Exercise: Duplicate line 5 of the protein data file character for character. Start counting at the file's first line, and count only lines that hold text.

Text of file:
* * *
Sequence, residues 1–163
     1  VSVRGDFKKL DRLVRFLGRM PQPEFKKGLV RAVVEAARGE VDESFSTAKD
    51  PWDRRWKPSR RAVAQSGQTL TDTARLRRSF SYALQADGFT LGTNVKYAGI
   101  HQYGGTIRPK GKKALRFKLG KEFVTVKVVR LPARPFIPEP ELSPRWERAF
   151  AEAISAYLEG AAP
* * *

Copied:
   151  AEAISAYLEG AAP